Yu Aoi Updated Wiki Entry #2

May 16, 2013 — 4 Comments

It’s a five-year fandom anniversary!

and I’ve just gotten EXTRA lazy now. These are the links to Yu’s previous Wiki entries [1][2].

I know that over the years (especially the last two), I have been lazying around not stalking enough news and being always late. Though some fans have disappeared from the internet, I still appreciate some of you lurkers.


Aoi Yu (born Natsui Yu August 17, 1985) is a Japanese actress and model from Kasuga, Fukuoka Prefecture, Japan. She made her film debut as Shiori Tsuda in Shunji Iwai’s 2001 film All About Lily Chou Chou. She became widely known for playing Tetsuko Arisugawa in Hana & Alice (2004) – also directed by Shunji Iwai, as well as Kimiko Tanikawa in the hula-dancing film Hula Girls, and Hagu in the 2006 live action adaptation of the popular Honey & Clover manga series.

In 2009, Aoi was named Rookie of the Year in the field of Films in Media and Fine Arts by The Ministry of Education, Culture, Sports, Science and Technology of Japan.


Early career

Yu Aoi set herself on the path to acting when she was cast as Polly in the 1999 rendition of Annie, followed by her appearance as a regular on TV Tokyo’s Oha SUTA (The Super Kids Station) [1] in 2000. A year later, she finally made her silver screen debut in Shunji Iwai‘s All About Lily Chou Chou playing Shiori Tsuda alongside Hayato IchiharaShugo Oshinari, Miwako Ichikawa, and Ayumi Ito. Aoi would later work in Ao to Shiro de Mizuiro and Gaichu (Harmful Insect) with friend Aoi Miyazaki.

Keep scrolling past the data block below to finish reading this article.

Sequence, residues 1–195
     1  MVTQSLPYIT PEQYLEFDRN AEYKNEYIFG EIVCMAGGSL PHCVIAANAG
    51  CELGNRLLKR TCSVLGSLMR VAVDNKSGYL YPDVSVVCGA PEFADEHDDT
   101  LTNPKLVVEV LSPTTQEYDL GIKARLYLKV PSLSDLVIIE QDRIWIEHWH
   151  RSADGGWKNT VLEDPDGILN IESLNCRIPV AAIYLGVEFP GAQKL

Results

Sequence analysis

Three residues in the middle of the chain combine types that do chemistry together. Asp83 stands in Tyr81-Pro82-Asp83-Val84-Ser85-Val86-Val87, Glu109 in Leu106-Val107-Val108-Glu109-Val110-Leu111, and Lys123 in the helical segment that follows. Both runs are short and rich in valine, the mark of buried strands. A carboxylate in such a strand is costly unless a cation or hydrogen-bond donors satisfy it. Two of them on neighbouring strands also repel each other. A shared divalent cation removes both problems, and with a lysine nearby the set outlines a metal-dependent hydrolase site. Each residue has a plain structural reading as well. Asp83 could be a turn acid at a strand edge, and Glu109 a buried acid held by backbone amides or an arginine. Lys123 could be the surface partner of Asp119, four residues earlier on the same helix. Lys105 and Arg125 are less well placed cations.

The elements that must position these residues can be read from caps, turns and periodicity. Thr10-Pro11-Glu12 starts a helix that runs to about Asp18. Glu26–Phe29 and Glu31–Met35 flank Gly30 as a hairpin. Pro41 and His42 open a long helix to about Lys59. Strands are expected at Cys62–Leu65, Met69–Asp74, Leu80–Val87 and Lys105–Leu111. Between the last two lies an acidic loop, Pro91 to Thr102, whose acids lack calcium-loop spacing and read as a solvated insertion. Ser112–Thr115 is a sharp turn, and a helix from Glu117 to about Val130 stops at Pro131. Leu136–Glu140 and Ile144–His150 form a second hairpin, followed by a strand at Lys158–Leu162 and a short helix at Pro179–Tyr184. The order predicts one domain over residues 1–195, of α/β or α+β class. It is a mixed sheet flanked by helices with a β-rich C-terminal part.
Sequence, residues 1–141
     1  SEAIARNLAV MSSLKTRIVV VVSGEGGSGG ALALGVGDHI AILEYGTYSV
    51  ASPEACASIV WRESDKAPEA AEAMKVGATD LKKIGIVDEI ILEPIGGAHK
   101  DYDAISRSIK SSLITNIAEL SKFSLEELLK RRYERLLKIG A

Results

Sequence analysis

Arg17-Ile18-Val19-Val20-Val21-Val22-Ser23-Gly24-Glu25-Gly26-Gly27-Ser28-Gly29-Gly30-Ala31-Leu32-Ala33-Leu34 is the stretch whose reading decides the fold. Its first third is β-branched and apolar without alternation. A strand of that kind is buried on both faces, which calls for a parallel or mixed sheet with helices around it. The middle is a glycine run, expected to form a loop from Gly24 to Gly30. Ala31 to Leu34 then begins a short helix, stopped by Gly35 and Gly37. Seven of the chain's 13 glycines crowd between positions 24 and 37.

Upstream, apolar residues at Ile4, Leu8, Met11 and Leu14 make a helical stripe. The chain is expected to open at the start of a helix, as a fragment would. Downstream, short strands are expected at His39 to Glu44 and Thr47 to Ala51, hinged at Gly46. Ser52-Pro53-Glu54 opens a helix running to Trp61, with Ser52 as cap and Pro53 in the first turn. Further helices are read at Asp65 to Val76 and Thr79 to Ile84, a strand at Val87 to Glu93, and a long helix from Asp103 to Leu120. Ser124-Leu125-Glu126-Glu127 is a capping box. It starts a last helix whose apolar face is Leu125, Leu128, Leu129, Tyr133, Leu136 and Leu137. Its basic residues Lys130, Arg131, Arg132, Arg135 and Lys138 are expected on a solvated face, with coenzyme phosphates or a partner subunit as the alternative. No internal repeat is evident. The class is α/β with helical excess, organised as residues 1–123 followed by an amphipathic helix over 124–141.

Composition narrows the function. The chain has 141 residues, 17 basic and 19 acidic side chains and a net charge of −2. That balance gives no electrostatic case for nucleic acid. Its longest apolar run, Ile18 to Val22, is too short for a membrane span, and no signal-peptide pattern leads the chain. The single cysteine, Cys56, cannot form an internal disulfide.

With her first roles on the small and big screen came commercial deals and endorsements for Sony, Yamaha, DoCoMo, Toshiba and Coca Cola.

In 2003, commemorating the 30th anniversary of Kit Kat in Japan, Shunji Iwai shot a series of short films starring Yu Aoi and Anne Suzuki, which later was expanded into the feature film called Hana & Alice, a film that earned Aoi the Best Actress award at the Japanese Professional Movie Award.


In 2005, Aoi played her first lead on the big screen in Letters from Nirai Kanai, which was sold in Korea with the alternate title of Aoi Yu’s Letter due to her popularity in the country. She also had supporting roles in the Miki Satoshi film Turtles Swim Faster than Expected starring Juri Ueno, and, Yamato with Shido Nakamura and Kenichi Matsuyama. This supporting role would earn her one of her double-nomination as Best Supporting Actress at the 2007 Japanese Academy Award. She won against herself for her work as Kimiko Tanikawa in the Japanese hit Hula Girls, which was sent to the Academy Awards as the Japanese official selection that year.

To this date, her role as the hula dancing girl from small town Iwaki remains her most successful role yet, earning her a dozen awards as Best Actress and Best Supporting Actress, alongside her other smaller roles that year as Hagu in Honey & Clover, and Kana Sato in the Shunji-Iwai-produced and Nirai-Kanai-directed Rainbow Song. Aoi also lent her voice to play Shiro in the animated film Tekkonkinkreet, the adaptation to the Taiyo Matsumoto manga, Black and White, directed by Michael Arias.